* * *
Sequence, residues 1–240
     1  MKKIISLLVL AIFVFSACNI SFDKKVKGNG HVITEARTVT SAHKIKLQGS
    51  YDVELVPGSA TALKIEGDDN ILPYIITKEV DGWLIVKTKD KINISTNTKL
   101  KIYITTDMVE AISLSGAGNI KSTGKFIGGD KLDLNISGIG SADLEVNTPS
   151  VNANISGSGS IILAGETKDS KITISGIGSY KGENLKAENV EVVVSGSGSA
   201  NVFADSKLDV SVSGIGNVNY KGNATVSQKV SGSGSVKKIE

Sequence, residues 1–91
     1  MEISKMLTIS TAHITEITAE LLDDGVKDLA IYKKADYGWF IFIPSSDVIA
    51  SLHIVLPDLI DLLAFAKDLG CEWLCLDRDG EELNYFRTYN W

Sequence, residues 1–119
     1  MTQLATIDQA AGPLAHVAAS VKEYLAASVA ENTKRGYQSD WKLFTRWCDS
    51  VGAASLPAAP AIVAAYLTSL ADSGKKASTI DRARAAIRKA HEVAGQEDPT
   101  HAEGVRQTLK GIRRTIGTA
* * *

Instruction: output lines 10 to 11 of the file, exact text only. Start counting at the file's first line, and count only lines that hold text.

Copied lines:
Sequence, residues 1–119
     1  MTQLATIDQA AGPLAHVAAS VKEYLAASVA ENTKRGYQSD WKLFTRWCDS